Fri, 16 Jan 2015 16:28:31 +0000 (UTC)

Related articles |
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Semantics, opt in Semantics seimarao@gmail.com (Seima Rao) (2015-01-15) |

Re: Semantics, opt in Semantics rpw3@rpw3.org (2015-01-16) |

Re: Semantics, opt in Semantics kaz@kylheku.com (Kaz Kylheku) (2015-01-16) |

Re: Semantics, opt in Semantics haberg-news@telia.com (Hans Aberg) (2015-01-16) |

Re: Semantics, opt in Semantics wclodius@earthlink.net (2015-01-16) |

Re: Semantics, opt in Semantics gah@ugcs.caltech.edu (glen herrmannsfeldt) (2015-01-17) |

Re: Semantics, opt in Semantics monnier@iro.umontreal.ca (Stefan Monnier) (2015-01-18) |

From: | Kaz Kylheku <kaz@kylheku.com> |

Newsgroups: | comp.compilers |

Date: | Fri, 16 Jan 2015 16:28:31 +0000 (UTC) |

Organization: | Aioe.org NNTP Server |

References: | 15-01-013 |

Keywords: | semantics |

Posted-Date: | 17 Jan 2015 02:12:10 EST |

On 2015-01-15, Seima Rao <seimarao@gmail.com> wrote:

*> Hi,*

*>*

*> The Backus Naur Form is a great mathematical model. It explains syntax*

*> quite succintly.*

*>*

*> In that form, the opt qualifier which stands for optional or*

*> epsilon is utilized extensively for optional syntax.*

*>*

*> Is there something similar for semantics i.e. is there something optional*

*> in semantics.*

*>*

*> Also, what is the equivalent in semantics of BNF ?*

A grammar is some combination of symbols which denote phrase structure

rules which in turn generate strings of symbols, or alternative,

determine which strings of symbols are well-formed.

A grammar has semantics: it specifies not only a set of strings, but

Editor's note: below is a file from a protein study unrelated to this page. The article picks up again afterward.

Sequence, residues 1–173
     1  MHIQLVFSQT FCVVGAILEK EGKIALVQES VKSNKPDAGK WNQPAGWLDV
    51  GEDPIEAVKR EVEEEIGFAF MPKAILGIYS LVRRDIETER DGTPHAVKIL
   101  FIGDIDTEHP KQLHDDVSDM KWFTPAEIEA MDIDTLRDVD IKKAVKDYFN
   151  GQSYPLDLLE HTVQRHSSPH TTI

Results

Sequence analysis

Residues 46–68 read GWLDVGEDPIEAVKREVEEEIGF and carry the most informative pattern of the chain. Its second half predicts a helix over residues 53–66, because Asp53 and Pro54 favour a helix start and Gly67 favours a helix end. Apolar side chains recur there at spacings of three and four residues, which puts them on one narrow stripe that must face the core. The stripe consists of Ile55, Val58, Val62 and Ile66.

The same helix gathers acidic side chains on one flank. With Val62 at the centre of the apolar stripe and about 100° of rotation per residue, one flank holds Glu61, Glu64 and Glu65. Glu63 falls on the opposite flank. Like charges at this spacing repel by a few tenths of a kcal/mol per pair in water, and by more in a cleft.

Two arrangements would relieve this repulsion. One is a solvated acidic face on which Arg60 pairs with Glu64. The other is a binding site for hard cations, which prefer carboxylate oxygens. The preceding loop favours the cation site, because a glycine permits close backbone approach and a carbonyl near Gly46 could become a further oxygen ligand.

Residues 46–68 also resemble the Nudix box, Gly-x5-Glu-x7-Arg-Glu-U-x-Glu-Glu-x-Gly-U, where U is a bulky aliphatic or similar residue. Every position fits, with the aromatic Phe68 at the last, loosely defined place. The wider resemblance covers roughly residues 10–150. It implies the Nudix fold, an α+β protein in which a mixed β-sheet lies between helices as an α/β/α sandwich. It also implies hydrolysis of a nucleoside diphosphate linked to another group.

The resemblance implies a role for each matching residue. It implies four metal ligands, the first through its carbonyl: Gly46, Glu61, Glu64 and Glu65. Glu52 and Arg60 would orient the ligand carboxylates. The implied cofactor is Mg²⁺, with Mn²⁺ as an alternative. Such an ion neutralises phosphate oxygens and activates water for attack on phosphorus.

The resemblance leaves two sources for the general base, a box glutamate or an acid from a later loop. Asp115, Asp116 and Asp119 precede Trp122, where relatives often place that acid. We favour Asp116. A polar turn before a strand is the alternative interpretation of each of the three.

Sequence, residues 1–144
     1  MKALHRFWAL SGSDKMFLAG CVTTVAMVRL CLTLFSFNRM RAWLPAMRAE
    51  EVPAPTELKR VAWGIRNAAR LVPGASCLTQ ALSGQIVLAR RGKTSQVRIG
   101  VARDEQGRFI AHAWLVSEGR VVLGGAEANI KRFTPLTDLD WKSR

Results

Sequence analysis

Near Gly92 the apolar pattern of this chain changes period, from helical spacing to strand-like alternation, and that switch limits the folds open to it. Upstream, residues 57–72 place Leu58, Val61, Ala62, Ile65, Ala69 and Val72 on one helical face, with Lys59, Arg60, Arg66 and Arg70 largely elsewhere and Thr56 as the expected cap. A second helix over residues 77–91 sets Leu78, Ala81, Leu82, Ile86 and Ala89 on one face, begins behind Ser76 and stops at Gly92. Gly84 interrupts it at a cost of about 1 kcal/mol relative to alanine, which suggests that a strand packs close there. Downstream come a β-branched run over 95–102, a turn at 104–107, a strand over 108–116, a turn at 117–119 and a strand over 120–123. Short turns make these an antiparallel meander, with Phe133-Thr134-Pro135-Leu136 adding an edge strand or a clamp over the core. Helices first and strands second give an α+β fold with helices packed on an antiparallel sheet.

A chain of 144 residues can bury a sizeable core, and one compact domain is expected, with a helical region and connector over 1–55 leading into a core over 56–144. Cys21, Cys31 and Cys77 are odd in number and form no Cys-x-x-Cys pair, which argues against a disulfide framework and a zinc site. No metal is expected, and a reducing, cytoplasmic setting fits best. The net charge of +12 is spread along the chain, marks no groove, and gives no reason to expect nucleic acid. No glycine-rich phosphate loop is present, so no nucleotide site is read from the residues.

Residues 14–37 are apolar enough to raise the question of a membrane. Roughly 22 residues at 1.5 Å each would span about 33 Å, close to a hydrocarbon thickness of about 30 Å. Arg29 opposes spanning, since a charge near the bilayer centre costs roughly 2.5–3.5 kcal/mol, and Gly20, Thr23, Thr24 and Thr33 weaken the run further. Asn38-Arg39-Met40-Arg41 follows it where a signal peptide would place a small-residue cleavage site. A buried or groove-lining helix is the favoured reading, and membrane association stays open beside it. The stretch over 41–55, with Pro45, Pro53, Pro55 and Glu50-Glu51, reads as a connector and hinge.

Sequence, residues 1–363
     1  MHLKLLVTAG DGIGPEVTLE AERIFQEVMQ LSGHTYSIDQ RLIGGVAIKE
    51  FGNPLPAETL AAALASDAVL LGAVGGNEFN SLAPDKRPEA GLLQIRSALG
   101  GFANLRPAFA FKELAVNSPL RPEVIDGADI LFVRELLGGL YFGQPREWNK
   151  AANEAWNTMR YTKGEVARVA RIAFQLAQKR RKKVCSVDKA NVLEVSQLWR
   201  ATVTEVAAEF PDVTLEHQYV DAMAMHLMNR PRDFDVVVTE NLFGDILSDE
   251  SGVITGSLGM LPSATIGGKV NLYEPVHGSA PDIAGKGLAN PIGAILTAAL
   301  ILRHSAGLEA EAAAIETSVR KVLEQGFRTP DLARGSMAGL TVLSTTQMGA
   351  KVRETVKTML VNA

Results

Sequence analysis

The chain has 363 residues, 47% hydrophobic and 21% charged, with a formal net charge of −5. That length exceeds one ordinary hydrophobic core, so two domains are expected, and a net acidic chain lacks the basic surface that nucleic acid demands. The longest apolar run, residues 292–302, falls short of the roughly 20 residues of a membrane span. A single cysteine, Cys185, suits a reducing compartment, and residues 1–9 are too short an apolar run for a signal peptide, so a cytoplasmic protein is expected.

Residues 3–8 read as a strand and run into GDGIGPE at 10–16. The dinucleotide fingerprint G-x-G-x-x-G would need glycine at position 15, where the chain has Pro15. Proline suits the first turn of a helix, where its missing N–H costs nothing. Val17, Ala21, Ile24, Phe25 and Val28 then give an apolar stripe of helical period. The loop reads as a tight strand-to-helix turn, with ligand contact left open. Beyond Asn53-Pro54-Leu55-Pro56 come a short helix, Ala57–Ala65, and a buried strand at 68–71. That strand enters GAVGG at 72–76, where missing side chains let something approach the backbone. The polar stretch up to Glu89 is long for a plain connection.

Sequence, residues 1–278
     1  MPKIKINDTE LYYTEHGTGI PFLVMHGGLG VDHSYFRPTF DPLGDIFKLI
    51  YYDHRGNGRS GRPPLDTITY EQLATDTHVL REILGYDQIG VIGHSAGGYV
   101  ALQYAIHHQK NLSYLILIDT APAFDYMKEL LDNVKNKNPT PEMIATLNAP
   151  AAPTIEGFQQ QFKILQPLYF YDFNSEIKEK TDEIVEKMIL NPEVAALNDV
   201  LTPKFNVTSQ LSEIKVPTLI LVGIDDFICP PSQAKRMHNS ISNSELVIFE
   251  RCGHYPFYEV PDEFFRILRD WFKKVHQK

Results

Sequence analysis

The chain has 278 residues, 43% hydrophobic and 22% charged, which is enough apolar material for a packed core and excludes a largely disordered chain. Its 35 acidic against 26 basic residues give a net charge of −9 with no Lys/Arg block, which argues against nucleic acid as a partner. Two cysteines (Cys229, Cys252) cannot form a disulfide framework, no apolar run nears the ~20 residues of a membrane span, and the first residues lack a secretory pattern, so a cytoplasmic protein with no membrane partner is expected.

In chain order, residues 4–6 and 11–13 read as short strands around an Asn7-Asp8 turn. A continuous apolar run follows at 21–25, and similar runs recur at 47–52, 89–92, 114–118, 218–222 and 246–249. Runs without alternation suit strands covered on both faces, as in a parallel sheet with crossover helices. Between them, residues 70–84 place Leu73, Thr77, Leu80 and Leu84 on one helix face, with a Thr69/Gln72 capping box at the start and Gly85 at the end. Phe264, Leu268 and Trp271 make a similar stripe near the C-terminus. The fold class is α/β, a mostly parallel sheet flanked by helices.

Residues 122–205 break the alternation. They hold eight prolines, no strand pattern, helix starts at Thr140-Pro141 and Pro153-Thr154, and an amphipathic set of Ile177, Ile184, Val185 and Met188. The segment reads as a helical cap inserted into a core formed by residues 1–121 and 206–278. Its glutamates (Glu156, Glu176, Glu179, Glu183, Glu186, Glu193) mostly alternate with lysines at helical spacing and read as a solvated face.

also denotes a procedure called a parser. The proof of this is that

parsers can be generated from grammars, and so grammars are used

directly as programming languages for writing parsers.

If we wish to denote arbitrary semantics (computations other than

parsers) we usually use some notation whose elements can be combined

to represent any recursive-primitive computation: in other words, a

Turing-complete computational language.

Roughly speaking, a Turing-complete language is to semantics, what a

grammar is to a set of strings.

This is why, for instance, under the most general-purpose

parser-generating tools, the phrase structures of a grammar are

associated with: arbitrary blocks of programming code that are invoked

in a syntax-directed way when their corresponding rule is reduced.

Relevant to compiler (see newsgroup name), there exist annotated "attribute

grammars" for expressing syntax directed translation.

http://en.wikipedia.org/wiki/Attribute_grammar

Attribute grammars are not intended to capture arbitrary semantics, but the

semantics of translation: converting the semantics of the input language

into another form.

*> [Man, there's a can of worms. There's no semantic formalism that matches real*

*> semantics as well as BNF matches real syntax. -John]*

Of course there is; the Universal Turing Machine, and all else that follows.

That is, if we are talking about semantics that can be computed.

[When I had in mind when I said "matching as well" is that languages

with grammars that humans can use tend to be similar ones that are

easy to describe in BNF. -John]

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